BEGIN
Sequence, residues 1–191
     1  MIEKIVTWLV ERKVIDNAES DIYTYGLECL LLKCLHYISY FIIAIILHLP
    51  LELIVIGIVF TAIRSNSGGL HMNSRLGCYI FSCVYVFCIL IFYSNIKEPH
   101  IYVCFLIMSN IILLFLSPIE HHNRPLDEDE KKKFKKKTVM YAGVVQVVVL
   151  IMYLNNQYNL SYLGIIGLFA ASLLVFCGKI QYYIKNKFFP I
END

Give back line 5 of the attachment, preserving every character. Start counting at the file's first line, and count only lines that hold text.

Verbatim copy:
   151  IMYLNNQYNL SYLGIIGLFA ASLLVFCGKI QYYIKNKFFP I